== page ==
June 15 - 21, 2009

Biogas is an emerging mode of creating energy sources in developing countries, though in developed and reasonable numbers of developing nations this alternative source is exploited to satiate rising demands of electricity and gas of industries and households. While modern technologies are bolstered in capital-rich economies to recycle and transform bio wastes, for example, produced in form of manure in to fuel, low-income countries are still using traditional ways to extract alternative source of energy out of non-edible materials accumulated in cattle and agriculture farms.

Amidst mounting crisis of energy, a shift in world's attention towards biogas as a substituted energy source is timely. Produced through cattle composts, biogas has become a contoured replacement of natural gas and hence it is popularized as fuel to generate electricity. Of dual advantage biogas provides unconventional fuel and dung fermented to excrete gas can be processed in to organic fertilizer. Besides, recycling of wastes before draining out alleviates multipronged costs of pollutions. In Pakistan with substantial numbers of livestock, this source contributes negligible portion in the total energy mix despite the fact that costs of installation of biogas plants are offset immediately by two outputs: gas and organic fertilizer. In many rural areas, where firewood is consumed, biogas use can alleviate deforestation.

Further, a popular disquieting low productivity of Pakistan's buffalos and cows can be compensated through biogas recovery. Pakistan has 31 million buffaloes, 21 million cows, and other cattle. However, the country largely depends on buffalos for production of milk. It is said that milk productivity of this indigenous herbivore is inadequate in proportion to its total number, notwithstanding that Pakistan is world's third or fourth largest milk producer. Undefended cattle farmers are further cutting production by shortening bovine animals to tolerate rising input costs of electricity and fodders.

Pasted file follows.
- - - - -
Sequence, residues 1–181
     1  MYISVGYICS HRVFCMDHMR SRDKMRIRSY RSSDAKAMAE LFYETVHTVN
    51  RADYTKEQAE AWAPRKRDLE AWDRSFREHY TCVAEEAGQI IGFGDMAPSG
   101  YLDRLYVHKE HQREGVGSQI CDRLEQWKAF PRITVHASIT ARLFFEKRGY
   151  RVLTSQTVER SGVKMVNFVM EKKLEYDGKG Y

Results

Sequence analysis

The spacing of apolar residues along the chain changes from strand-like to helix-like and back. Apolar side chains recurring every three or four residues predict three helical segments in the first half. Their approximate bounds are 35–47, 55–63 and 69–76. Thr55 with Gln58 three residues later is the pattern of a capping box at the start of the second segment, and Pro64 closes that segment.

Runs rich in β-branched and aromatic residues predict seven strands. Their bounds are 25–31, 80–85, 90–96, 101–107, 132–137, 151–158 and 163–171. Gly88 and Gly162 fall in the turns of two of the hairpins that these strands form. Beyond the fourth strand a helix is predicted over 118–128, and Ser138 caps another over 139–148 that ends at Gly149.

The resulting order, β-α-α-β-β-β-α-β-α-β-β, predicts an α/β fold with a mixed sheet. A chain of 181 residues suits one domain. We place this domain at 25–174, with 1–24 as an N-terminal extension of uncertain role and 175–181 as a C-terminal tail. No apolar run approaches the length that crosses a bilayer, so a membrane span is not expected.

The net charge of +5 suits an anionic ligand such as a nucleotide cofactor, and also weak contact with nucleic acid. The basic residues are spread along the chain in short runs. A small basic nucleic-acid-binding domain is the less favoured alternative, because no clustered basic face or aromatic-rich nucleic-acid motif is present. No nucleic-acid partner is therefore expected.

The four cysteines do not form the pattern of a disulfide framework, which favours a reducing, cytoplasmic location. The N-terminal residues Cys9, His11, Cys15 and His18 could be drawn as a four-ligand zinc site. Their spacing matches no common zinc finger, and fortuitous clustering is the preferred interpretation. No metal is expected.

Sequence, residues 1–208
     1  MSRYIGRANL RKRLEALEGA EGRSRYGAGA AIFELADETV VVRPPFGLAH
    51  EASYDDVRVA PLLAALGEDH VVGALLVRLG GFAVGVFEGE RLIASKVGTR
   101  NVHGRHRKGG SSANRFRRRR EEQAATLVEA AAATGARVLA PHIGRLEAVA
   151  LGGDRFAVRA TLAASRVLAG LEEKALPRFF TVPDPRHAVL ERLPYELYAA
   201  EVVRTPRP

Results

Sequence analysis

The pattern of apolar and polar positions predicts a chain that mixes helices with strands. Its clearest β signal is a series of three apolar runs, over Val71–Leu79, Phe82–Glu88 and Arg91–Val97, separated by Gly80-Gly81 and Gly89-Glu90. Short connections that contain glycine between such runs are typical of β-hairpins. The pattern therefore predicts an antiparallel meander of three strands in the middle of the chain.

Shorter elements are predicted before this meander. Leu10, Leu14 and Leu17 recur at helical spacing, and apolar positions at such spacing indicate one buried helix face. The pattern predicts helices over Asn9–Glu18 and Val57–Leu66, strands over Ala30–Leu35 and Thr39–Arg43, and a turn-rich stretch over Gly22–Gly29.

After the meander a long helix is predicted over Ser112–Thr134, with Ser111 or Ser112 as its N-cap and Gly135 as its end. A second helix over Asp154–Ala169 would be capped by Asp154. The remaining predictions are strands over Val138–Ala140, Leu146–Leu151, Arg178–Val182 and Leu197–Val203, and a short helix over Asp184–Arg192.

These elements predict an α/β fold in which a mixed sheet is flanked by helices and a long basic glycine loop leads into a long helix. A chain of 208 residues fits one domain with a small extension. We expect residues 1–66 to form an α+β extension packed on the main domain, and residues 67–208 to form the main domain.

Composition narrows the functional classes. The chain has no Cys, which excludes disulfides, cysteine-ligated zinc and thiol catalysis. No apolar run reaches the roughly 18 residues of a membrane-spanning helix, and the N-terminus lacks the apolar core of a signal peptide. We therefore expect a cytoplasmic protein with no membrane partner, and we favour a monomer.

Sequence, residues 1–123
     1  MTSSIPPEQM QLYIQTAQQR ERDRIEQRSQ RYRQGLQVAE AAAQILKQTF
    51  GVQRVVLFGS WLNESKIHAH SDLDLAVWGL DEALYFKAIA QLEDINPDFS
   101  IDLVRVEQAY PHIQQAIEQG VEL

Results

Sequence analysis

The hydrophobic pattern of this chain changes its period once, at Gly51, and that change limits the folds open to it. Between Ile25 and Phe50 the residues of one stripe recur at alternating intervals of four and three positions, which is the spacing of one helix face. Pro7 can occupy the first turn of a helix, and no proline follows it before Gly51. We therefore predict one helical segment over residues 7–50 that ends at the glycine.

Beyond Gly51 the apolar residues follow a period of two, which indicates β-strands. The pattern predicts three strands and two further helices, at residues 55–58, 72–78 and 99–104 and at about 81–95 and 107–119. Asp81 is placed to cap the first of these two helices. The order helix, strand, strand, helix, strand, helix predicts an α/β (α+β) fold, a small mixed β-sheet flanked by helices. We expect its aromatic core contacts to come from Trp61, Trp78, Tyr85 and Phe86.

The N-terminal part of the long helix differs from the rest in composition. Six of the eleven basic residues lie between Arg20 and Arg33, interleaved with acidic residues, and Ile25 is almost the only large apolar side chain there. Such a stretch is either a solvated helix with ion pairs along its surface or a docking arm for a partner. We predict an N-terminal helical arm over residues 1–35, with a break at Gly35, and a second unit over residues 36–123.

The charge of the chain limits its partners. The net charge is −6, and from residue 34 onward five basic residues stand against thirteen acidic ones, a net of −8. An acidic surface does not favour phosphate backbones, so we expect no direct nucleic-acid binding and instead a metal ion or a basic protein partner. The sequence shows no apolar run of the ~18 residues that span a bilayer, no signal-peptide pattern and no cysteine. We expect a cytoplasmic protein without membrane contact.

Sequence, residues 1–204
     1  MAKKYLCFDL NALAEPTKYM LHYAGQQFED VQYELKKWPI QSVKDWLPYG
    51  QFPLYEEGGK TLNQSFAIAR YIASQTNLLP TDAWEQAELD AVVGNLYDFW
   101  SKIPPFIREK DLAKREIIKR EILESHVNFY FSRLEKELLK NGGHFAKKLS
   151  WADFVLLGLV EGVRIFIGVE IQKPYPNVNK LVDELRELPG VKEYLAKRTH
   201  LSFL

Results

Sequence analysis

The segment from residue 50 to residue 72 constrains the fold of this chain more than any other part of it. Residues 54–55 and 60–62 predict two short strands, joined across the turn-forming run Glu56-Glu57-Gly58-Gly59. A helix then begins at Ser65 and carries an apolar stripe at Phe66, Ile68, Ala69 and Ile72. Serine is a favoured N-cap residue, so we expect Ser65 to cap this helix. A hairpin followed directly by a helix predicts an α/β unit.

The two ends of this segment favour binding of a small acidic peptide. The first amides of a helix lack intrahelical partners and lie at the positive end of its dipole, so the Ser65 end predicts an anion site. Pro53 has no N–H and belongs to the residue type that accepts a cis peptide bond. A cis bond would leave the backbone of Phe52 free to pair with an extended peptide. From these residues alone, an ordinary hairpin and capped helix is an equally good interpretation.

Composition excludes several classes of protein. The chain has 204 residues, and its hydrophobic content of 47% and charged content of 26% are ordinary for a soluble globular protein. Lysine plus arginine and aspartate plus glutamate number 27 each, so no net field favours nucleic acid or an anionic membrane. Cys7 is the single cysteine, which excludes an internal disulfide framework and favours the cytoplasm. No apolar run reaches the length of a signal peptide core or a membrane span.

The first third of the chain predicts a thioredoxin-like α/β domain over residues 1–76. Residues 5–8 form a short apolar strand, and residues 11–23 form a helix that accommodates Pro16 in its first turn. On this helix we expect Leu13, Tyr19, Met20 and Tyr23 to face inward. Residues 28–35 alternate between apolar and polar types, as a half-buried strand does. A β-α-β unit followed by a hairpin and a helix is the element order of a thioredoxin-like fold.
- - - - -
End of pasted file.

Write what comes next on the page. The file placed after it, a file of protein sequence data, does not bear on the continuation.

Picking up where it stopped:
This huge size of cattle brings about millions of tons of dung daily, large part of which is unmanageable due to lack of alternative arrangements, thereby going wasted untreated. Besides posing danger to ecology, this is tantamount to irreparable economic loss. In some scattered cattle farms nationwide, biogas plants are installed and functioning to cater insufficiently to the demands of gas of famers. A separate plant is needed to make gas produce electricity, and which is why perhaps this additional utilization is not widespread.

According to a rough estimate, in Karachi there are over 800,000 cattle in various urban cattle settlements that daily send out over 6000 tons dung in the sea without treatment, endangering marine lives, causing methane emissions to debilitate growth of flora and fauna on coastline, and overall creating serious environmental hazards. Several studies have been hacked out, warning ecological fallouts of the pollutants and drain of economic resources through these otherwise manageable wastes. However, no arrangement has been made so far to set up waste treatment or biogas plants to make use of non-edible materials coming out of main cattle farms of Landhi, Korangi, Surjani, etc. Generation of gas is more viable project in any of these cattle farms. Especially in Landhi cattle farm, generally known as Behns Colony, that houses highest heads of bovine of around 400,000 citywide, biogas project can not only be feasible economically, environmentally, and geographically, but it is also needed to meet the enormous energy needs of 2,000 cattle farms, at least.